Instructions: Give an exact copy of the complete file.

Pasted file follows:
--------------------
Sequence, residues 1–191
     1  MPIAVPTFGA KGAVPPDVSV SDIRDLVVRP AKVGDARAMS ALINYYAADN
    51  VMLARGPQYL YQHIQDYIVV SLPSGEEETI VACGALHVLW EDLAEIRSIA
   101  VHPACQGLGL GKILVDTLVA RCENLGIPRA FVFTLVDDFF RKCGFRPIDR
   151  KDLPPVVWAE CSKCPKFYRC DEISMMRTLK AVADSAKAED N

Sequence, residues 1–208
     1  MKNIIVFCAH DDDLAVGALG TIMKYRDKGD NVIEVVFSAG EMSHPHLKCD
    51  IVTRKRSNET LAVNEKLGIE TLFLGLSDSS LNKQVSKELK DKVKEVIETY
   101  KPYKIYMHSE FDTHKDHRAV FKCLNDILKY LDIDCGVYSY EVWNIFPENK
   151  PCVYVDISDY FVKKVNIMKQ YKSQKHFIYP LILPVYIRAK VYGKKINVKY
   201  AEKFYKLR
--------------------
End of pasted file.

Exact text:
Sequence, residues 1–191
     1  MPIAVPTFGA KGAVPPDVSV SDIRDLVVRP AKVGDARAMS ALINYYAADN
    51  VMLARGPQYL YQHIQDYIVV SLPSGEEETI VACGALHVLW EDLAEIRSIA
   101  VHPACQGLGL GKILVDTLVA RCENLGIPRA FVFTLVDDFF RKCGFRPIDR
   151  KDLPPVVWAE CSKCPKFYRC DEISMMRTLK AVADSAKAED N

Sequence, residues 1–208
     1  MKNIIVFCAH DDDLAVGALG TIMKYRDKGD NVIEVVFSAG EMSHPHLKCD
    51  IVTRKRSNET LAVNEKLGIE TLFLGLSDSS LNKQVSKELK DKVKEVIETY
   101  KPYKIYMHSE FDTHKDHRAV FKCLNDILKY LDIDCGVYSY EVWNIFPENK
   151  PCVYVDISDY FVKKVNIMKQ YKSQKHFIYP LILPVYIRAK VYGKKINVKY
   201  AEKFYKLR